The Ramsay Research Grant, awarded by Solve M.E. Foundation, supports research to understand the underlying causes of ME/CFS and Long Covid. Dr. Avik Roy has received this Award in 2022. He is part of Simmaron’s new research team, which moved to UWM to study the role of early autophagy protein ATG13 in the pathogenesis of myalgic encephalomyelitis (ME).
Dr. Avik Roy (center), Dr. Gunnar Gottschalk (right), Prof. Alexander (Leggy) Arnold (MIDD director) and Linda Adrienne Aleen (DVM).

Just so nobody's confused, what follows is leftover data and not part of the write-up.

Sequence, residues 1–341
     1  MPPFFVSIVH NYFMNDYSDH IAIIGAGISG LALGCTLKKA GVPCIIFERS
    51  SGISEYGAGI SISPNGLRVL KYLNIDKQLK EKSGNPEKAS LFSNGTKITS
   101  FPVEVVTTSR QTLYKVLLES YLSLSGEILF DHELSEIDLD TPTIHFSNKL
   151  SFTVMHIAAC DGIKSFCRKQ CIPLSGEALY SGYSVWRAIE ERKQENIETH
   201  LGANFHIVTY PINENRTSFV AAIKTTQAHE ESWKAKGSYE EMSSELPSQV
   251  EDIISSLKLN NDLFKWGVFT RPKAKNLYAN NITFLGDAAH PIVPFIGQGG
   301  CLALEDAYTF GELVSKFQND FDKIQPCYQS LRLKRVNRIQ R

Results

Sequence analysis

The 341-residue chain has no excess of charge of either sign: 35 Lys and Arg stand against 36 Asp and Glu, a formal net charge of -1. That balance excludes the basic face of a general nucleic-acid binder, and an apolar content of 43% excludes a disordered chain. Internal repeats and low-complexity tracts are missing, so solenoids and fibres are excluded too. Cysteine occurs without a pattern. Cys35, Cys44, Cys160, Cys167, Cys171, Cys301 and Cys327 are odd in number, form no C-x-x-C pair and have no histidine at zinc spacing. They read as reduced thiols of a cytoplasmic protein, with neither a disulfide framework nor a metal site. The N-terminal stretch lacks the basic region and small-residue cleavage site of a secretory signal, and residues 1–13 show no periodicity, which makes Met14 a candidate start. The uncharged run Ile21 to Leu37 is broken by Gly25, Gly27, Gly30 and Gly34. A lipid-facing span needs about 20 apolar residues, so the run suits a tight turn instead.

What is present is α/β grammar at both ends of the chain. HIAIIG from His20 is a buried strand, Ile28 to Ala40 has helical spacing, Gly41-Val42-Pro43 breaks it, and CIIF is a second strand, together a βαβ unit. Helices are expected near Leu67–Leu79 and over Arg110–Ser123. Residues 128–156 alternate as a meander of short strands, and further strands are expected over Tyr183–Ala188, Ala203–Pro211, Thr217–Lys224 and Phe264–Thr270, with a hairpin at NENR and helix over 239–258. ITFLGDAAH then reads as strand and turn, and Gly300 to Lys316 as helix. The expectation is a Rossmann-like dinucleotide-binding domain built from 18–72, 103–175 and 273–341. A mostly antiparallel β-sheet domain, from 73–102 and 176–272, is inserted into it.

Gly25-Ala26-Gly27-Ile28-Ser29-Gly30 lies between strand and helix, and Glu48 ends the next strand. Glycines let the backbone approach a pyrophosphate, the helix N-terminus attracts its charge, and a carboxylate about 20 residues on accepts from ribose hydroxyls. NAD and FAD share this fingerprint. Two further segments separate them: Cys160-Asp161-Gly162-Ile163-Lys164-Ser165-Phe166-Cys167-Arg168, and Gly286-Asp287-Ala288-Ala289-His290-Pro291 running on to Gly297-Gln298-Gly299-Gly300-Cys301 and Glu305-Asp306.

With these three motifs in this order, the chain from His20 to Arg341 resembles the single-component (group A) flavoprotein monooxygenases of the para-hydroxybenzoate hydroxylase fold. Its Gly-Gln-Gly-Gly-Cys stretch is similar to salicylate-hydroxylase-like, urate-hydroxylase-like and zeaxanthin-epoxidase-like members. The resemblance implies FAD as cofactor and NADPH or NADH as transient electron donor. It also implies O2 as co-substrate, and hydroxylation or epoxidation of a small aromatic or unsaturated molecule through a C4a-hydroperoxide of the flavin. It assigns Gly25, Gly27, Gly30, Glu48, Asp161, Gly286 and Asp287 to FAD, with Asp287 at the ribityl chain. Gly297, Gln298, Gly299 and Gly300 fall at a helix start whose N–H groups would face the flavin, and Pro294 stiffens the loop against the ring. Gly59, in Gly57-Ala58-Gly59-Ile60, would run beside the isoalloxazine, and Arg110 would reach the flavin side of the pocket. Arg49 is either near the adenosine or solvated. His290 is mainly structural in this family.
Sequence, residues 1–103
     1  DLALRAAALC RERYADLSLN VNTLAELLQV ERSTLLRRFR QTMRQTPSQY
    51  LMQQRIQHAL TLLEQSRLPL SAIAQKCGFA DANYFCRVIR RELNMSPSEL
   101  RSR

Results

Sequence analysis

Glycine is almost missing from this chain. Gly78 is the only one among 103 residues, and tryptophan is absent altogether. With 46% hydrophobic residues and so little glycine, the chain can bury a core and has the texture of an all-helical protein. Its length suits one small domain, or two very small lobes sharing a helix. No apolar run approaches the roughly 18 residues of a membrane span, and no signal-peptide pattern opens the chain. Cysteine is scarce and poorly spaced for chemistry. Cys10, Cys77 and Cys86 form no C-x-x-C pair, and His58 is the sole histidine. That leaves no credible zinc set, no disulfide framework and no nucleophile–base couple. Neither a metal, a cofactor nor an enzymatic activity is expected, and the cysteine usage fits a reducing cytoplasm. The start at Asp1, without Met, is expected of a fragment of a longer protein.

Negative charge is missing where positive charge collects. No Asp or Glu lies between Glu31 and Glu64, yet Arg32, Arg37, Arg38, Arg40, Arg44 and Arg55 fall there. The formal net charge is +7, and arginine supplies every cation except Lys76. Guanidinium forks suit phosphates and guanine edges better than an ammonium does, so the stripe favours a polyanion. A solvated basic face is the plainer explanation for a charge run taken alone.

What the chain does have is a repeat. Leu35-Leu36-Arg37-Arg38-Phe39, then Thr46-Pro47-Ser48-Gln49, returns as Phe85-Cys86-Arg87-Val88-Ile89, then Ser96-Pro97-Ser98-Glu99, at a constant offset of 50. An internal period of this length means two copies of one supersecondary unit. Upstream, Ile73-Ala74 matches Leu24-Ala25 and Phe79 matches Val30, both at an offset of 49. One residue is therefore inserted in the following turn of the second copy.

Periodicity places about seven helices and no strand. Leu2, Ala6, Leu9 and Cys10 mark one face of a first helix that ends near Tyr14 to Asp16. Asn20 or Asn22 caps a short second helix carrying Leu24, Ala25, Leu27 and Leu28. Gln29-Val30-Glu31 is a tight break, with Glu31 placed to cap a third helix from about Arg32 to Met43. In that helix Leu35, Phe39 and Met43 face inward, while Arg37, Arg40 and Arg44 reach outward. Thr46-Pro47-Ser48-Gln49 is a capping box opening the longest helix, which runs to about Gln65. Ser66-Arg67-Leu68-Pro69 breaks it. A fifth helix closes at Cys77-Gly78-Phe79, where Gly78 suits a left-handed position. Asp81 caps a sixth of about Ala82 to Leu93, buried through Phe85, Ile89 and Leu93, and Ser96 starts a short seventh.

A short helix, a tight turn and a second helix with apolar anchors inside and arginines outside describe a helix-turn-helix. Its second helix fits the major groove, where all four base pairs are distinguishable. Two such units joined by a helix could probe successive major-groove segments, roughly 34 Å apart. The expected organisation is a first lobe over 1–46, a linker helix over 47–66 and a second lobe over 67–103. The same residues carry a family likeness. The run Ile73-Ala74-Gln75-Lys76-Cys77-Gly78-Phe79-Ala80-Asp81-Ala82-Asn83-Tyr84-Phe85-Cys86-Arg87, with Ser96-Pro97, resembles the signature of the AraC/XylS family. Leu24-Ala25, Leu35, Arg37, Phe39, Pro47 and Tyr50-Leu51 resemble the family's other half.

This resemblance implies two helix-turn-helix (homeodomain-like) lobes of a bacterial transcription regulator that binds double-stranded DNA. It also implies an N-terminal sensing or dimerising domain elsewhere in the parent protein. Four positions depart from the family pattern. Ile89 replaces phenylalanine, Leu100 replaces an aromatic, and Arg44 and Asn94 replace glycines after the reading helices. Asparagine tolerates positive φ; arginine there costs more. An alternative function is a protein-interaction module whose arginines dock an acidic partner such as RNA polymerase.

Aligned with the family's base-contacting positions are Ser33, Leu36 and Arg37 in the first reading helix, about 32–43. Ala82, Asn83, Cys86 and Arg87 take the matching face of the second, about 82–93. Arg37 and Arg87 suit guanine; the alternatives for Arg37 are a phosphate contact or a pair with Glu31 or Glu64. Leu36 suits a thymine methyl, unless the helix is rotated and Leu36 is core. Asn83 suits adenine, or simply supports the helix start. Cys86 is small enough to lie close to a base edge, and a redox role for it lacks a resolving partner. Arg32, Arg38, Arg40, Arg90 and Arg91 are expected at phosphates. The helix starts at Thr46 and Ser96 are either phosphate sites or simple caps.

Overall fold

Myalgic encephalomyelitis or chronic fatigue syndrome (ME/CFS) is a chronic multisystem disease characterized by intense muscle fatigue, muscle pain, and neurocognitive impairment. Until now, the molecular mechanism of this disease is not properly understood primarily due to the lack of an animal model. Simmaron is working with the MIDD specifically with Director Dr. Arnold to develop an animal model of ME/CFS. A successful completion of this pilot project will help Dr. Roy and his Simmaron team to develop a tool for the application of small molecular therapeutics in ME/CFS. Simmaron’s R&D lab is now located at chemistry building at UWM. Dr. Ray is also an Adjunct Professor of the Department of Chemistry and Biochemistry.